Dietary changes I would make would include eliminating foods that produce mucus, inflammation,
and slow down the digestive process. Those foods are dairy, wheat, gluten-containing
foods, citrus, red meats, soy, eggs, potatoes, and caffeinated products. Whole, organic foods,
such as those that you’ll find in the produce aisle are nutrient-dense, reduce inflammation,
and improve elimination from the colon, therefore, I recommend to my patients that they eat these
foods every day. I also prescribe several supplements. I begin with digestive enzymes
and probiotics. Digestive enzymes improve the body’s ability to digest food in the
digestive process. Taking probiotics increases the amount of good bacteria in the colon.
By increasing the amount of good bacteria in the colon, you improve elimination in the
immune system. I’ll also prescribe several nutrients that can act as either anti-inflammatory
or antihistamine agents. Vitamin C and bromelain are both anti-inflammatory nutrients that
can decrease inflammation in the sinus cavities. Quercetin and bioflavinoids are both antihistamines
that decrease the body’s histamine response. An herb that I often prescribe that is a powerful
antihistamine is called stinging nettles. Stinging nettles is so powerful that it can,
in fact, replace most antihistamine medication. The most effective way to use stinging nettles
is to begin six weeks prior to when allergy season typically begins. A common symptom
of seasonal allergies is nasal congestion. To help relieve nasal congestion, you can
use a nasal rinse that includes warm water, sea salt, and a small amount of an herb called
goldenseal. To rinse the sinuses, you use a small syringe or a neti pot filled with
the saline-herb solution. You inject the saline solution into the nose into one nostril at
a time. The saline solution will go up one nostril and come out the other nostril, and
with it, decrease the mucus congestion and cleanse out any bacterial overgrowth from
chronic mucus congestion. I have a high success rate. For the patients who follow my protocol,
they have a reduction in symptoms to no symptoms within two to four weeks and they stop their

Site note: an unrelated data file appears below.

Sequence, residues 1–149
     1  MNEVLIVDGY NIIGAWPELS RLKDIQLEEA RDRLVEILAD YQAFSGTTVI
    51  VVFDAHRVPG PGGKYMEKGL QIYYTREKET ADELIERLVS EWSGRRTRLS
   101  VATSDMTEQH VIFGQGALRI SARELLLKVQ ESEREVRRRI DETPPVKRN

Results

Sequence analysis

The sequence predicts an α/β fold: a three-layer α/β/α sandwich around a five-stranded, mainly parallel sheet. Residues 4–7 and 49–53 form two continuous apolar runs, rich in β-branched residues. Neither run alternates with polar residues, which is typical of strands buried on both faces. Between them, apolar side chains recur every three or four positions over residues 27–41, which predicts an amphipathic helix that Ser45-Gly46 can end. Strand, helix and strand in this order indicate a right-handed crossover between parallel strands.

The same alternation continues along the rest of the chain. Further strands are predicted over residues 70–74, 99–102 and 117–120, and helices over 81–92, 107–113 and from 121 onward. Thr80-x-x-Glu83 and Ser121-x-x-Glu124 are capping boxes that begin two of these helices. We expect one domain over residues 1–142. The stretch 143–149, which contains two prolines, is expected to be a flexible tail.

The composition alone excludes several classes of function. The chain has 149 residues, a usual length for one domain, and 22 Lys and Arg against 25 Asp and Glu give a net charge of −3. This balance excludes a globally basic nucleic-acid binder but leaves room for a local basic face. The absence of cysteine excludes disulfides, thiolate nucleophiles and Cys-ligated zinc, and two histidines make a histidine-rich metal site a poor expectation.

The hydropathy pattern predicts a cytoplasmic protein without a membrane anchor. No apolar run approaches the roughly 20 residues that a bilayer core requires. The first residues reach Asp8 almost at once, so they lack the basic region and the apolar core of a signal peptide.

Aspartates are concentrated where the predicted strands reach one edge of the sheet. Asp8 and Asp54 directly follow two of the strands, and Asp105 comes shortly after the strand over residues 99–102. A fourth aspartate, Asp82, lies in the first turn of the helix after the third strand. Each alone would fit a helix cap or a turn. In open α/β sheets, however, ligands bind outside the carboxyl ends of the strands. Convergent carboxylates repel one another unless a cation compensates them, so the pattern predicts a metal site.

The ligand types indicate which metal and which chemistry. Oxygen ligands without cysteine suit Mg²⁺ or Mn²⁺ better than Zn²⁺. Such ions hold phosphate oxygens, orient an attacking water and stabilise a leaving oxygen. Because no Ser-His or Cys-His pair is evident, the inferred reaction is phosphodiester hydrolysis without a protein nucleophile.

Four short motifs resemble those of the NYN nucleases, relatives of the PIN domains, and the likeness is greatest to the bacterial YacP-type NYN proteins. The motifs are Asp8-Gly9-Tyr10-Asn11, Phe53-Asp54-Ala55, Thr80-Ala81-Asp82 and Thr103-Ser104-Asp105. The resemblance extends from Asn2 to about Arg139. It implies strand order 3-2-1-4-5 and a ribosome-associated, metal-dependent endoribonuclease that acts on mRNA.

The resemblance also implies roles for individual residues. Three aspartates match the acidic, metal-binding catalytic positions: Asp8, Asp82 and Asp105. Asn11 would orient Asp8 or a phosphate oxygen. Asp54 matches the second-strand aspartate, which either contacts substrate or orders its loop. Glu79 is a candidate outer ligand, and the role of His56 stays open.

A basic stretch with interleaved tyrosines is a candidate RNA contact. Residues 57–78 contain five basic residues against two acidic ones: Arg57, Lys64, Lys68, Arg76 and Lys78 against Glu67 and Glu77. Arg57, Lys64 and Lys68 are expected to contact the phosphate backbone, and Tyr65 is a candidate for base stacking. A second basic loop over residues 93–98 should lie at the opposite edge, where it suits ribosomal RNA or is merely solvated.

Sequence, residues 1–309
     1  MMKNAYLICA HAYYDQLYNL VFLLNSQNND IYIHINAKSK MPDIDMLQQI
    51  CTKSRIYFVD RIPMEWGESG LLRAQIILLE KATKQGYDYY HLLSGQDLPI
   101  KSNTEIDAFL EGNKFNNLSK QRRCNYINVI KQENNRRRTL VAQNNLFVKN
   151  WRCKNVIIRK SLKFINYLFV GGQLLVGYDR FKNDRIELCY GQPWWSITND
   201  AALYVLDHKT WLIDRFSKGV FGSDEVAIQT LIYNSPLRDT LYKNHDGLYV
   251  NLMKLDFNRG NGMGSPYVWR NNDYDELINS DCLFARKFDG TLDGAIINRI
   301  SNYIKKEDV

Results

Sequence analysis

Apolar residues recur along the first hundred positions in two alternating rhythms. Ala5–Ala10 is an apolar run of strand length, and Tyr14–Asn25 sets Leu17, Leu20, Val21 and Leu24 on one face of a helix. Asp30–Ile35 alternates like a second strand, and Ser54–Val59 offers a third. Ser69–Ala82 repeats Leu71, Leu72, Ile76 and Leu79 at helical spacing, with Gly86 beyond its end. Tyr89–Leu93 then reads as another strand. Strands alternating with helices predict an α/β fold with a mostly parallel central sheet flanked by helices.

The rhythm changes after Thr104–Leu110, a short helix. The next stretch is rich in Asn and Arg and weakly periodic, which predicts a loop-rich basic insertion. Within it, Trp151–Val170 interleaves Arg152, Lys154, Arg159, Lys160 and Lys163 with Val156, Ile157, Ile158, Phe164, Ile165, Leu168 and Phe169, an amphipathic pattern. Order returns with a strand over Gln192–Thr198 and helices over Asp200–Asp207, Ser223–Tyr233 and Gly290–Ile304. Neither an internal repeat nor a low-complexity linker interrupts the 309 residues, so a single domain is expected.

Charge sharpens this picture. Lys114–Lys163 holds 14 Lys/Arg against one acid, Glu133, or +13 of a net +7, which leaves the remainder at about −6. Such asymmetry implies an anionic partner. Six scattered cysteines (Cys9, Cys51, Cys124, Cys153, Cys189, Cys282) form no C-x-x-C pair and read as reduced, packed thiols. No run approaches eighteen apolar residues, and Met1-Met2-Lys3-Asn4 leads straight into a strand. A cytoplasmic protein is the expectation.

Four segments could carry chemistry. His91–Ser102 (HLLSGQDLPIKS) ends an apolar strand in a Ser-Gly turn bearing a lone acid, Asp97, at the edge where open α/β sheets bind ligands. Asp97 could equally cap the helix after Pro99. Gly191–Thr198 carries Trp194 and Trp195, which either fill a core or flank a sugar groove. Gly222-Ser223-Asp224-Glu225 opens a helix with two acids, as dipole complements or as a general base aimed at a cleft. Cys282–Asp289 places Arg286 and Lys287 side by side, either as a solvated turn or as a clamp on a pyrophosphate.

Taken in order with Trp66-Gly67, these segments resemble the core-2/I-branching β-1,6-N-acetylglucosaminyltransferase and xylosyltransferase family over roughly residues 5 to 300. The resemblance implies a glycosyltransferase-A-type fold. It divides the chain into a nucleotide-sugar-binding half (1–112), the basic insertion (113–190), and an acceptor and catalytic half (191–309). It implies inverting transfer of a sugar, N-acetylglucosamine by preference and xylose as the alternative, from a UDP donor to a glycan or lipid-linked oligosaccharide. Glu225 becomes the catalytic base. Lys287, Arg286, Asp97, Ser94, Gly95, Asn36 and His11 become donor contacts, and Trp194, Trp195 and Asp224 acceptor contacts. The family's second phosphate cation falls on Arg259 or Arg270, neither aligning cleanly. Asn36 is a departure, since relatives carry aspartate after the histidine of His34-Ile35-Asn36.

anti-allergy meds. However, this does not mean they have a complete reduction of symptoms
at their next allergy season. If they continue to work on digestion and remove dietary irritants,
they will continue to reduce their symptoms from season to season. If you have allergies,
there’s a good chance you can eliminate them by doing what I discussed in this video.
The supplements and organic food are available at your local health food store. However,
if you’re not finding that it’s working the way you’d like it to, I encourage you
to visit a naturopathic doctor to get your own individualized treatment plan.

14 Replies to “Effectively Treat Seasonal Allergies with Naturopathic Medicine – Dr. Shannon Sinsheimer, ND

  1. Great advice. I suffer from food allergies and allergies to mold, dust and pollen. I've been coughing a lot and I was prescribed acid reflux medicine for the cough…I'm not taking that……

  2. I accidentally found out about my colon and seasonal allergies, once by choice and once not by choice. The first was when I had a case of food poisoning. After a day of being sick on both ends my colon was definitely clear and I noticed my allergy symptoms completely stopped. The next time was by choice when I used the lemonade diet cleanse and again my allergy symptoms completely stopped.

  3. i have moderate to severe allergies, and I found drinking lots of water and taking Vitamin C- Ascorbic acid and bioflavanoids works really well. Sometimes I still have to get the decongestant though!

  4. Very good Larry. Thank you. Im struggling with allergies right now. I found some nettles growing by the river so I thought I will try to juice them. I should have started weeks ago !

  5. I watched an edition of Monsters inside me. A mid aged man, suffered severely from seasonal allergies, and was medicated and treated for them with no hope in sight. He just couldn't breath during that season. He was very sick and ill from how this plagued him. He heard that by infecting himself with the fluke worm, that it could fix his problem. Apparently this worm sends out good amounts of antihistamines and your fixed. Out of desperation he traveled to Africa and walked through some dung piles barefoot to infect himself, knowing that most of the population there is infected.  Success, he got infected. When allergy season rolls around, he is now fine. Only thing is he has to frequently get checked out to make sure the worms aren't out of control. Small price to pay I guess. Now he poops in a bag and sells his poo to other people, over the internet that also need to be infected with the worm.